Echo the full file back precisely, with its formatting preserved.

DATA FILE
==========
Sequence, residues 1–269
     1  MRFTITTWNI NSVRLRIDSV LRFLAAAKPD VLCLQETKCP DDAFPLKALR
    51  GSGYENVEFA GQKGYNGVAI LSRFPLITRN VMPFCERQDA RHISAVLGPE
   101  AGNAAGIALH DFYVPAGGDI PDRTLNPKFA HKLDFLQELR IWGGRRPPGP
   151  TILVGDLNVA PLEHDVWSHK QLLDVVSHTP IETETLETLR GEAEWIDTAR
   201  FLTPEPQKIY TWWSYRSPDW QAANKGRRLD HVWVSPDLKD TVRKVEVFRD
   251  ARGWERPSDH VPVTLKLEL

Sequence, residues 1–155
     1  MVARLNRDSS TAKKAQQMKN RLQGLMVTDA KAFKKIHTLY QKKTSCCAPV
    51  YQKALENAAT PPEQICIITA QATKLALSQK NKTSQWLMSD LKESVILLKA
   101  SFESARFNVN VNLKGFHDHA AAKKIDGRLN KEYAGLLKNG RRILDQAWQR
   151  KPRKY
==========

Sequence, residues 1–269
     1  MRFTITTWNI NSVRLRIDSV LRFLAAAKPD VLCLQETKCP DDAFPLKALR
    51  GSGYENVEFA GQKGYNGVAI LSRFPLITRN VMPFCERQDA RHISAVLGPE
   101  AGNAAGIALH DFYVPAGGDI PDRTLNPKFA HKLDFLQELR IWGGRRPPGP
   151  TILVGDLNVA PLEHDVWSHK QLLDVVSHTP IETETLETLR GEAEWIDTAR
   201  FLTPEPQKIY TWWSYRSPDW QAANKGRRLD HVWVSPDLKD TVRKVEVFRD
   251  ARGWERPSDH VPVTLKLEL

Sequence, residues 1–155
     1  MVARLNRDSS TAKKAQQMKN RLQGLMVTDA KAFKKIHTLY QKKTSCCAPV
    51  YQKALENAAT PPEQICIITA QATKLALSQK NKTSQWLMSD LKESVILLKA
   101  SFESARFNVN VNLKGFHDHA AAKKIDGRLN KEYAGLLKNG RRILDQAWQR
   151  KPRKY